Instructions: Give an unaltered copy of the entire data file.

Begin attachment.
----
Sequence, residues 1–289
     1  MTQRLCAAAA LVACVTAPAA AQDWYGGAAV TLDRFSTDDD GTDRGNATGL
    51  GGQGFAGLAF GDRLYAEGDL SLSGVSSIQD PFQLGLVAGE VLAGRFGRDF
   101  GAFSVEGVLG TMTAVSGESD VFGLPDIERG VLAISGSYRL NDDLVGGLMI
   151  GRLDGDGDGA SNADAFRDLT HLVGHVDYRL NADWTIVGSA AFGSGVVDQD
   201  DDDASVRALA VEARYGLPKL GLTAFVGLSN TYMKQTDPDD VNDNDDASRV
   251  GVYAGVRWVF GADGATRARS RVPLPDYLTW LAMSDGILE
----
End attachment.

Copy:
Sequence, residues 1–289
     1  MTQRLCAAAA LVACVTAPAA AQDWYGGAAV TLDRFSTDDD GTDRGNATGL
    51  GGQGFAGLAF GDRLYAEGDL SLSGVSSIQD PFQLGLVAGE VLAGRFGRDF
   101  GAFSVEGVLG TMTAVSGESD VFGLPDIERG VLAISGSYRL NDDLVGGLMI
   151  GRLDGDGDGA SNADAFRDLT HLVGHVDYRL NADWTIVGSA AFGSGVVDQD
   201  DDDASVRALA VEARYGLPKL GLTAFVGLSN TYMKQTDPDD VNDNDDASRV
   251  GVYAGVRWVF GADGATRARS RVPLPDYLTW LAMSDGILE